By J.T. Ripton
In order to grow in a healthy way, companies have to manage their product and service inventories. Managing your inventory is a tedious task, but you will suffer direct business consequences if your system results in poor management. It may lead to slow fulfillment, extended cash flow cycles, higher vendor interest rates, increased staffing needs, and unhappy customers. Managing inventory effectively doesn’t have to be expensive or complicated—it just needs to be approached in an organized way.
The shelf space may be tempting, but too much inventory will only restrict your cash flow. A mismanagement of cash is the second biggest reason startups fail, and second only to products that don’t have a market. While a fear of being out of stock might be driving your efforts, overspending on inventory isn’t the solution. You will find you will not only have to store the items you have, but you will also have to wait for them to sell in order to get back the cash you spent upfront. You are going to have to record past sales and do your best to predict accurately on a month-by-month basis. If you are a new company with no past data to look at, investigate your competitors to get a starting point.
You must track your inventory accurately, and you will find that there are opportunities to miscount every step of the way. Use an electronic inventory system to track what comes in and what has gone out. To be really efficient, link your inventory management to your point-of-sale (POS) system. Then, perform random spot checks to ensure the numbers are adding up and accurately reflect your stock.
Get Help From Your Suppliers
As you start to work more consistently with your vendors, use a supplier-managed inventory process to help generate orders automatically based on previous needs during the same time periods in previous years. Working to simplify the inventory ordering process and eliminate data-entry errors is important to most independently owned businesses, such as Amway members. This will also help small businesses cut back on seasonal inventory that is not popular during off-times of the year.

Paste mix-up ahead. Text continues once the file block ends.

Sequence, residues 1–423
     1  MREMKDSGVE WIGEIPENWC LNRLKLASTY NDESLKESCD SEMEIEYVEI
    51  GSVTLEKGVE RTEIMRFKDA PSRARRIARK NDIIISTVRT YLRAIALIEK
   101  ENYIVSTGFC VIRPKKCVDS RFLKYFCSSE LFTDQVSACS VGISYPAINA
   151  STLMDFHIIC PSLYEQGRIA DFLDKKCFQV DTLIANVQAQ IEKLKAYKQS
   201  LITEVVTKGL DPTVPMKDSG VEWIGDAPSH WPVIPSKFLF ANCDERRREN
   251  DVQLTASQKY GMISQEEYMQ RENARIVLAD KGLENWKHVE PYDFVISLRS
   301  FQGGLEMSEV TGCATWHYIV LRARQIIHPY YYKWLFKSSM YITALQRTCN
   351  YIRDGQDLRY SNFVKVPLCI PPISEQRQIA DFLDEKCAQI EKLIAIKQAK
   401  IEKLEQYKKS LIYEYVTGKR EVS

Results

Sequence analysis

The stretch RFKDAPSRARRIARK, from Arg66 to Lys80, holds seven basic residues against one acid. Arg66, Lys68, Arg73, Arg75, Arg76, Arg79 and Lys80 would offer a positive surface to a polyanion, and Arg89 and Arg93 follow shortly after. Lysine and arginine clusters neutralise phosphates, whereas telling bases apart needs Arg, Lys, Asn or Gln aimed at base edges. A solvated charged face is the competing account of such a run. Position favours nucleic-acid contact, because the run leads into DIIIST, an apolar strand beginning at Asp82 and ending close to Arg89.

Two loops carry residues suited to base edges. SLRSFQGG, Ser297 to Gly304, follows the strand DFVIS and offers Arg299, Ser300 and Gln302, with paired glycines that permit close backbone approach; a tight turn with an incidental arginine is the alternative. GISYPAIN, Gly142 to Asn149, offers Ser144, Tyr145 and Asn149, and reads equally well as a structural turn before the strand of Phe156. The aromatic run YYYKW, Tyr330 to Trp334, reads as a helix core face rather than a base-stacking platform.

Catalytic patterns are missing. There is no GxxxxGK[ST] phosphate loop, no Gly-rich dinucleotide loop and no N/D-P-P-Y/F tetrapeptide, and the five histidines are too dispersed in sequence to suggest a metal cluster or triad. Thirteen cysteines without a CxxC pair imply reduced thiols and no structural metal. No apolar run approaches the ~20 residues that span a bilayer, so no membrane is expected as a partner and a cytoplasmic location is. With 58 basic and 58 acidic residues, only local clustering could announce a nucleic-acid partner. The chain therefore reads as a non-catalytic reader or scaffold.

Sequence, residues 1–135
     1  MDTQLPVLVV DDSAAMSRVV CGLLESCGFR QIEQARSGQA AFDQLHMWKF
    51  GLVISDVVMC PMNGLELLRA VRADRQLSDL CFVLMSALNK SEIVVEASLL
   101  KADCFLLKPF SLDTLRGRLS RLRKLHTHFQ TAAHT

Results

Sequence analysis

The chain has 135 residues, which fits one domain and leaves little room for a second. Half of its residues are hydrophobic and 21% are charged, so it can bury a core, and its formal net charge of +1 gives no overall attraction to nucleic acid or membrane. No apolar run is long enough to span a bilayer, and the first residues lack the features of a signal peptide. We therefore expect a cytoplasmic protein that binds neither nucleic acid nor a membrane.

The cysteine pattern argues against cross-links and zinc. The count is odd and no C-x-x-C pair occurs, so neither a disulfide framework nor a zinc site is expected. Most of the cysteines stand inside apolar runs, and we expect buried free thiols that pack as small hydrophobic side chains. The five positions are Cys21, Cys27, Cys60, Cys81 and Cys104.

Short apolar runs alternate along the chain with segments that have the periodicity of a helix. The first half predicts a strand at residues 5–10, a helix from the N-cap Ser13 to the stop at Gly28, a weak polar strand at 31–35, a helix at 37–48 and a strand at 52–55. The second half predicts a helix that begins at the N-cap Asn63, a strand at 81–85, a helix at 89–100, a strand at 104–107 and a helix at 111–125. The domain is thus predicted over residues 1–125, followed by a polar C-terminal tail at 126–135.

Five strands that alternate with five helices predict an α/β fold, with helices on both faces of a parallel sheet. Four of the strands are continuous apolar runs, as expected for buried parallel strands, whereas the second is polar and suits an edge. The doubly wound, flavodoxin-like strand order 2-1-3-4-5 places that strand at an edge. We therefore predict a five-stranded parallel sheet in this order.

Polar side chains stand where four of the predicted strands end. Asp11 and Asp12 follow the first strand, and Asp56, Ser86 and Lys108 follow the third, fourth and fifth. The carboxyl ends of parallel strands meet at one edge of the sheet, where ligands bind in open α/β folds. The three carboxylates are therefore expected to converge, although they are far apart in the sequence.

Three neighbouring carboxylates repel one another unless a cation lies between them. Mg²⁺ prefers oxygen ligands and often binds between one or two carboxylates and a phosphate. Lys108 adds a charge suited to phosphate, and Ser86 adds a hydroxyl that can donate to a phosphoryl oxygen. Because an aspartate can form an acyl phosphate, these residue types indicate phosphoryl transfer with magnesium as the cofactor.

Measure Your Turnaround
In order to better manage your inventory turnover and delivery time, you need to see what you are actually doing. Check how often specific inventory is selling and then measure how long it takes from point of purchase to delivery confirmation. Make sure you eliminate the inventory that is not selling well. Work to cut down on turnaround time in order to create happier customers that are more likely to order again.
Monitor Work-in-Progress Materials
Pay special attention to any inventory that is waiting on specific operational stages to be needed. There are some materials that may be ordered in advance and should be kept out of the general product inventory to be more effectively managed. These special-case items may be needed to create other products, and a special inventory should be reserved to meet those needs when the time comes.
Back Up Your System
Imagine the worst-case scenario and then prepare for it. What happens if there is a fire in your headquarters or if your server fails? These are real-world problems that companies have to prepare for. Back up your system and make sure you have companies helping you maintain security to avoid breaches that will cost time and money.
Every company needs backups for their data—both virtual and physical. Backups could be as simple as a USB drive, an external hard drive, or a Dropbox account. However, you will also want to be very careful that secure information is kept well out of the reach of those who would maliciously break in the back door and abuse your information.
Continue working to create a better system each year. Your company will be able to thrive if you get the kinks worked out of your ordering and delivery systems. Don’t let a great product or service be held up by inventory problems.
J.T. Ripton is a freelance writer out of Tampa, who focuses on topics relating to business and technology. Follow him at @JTRipton.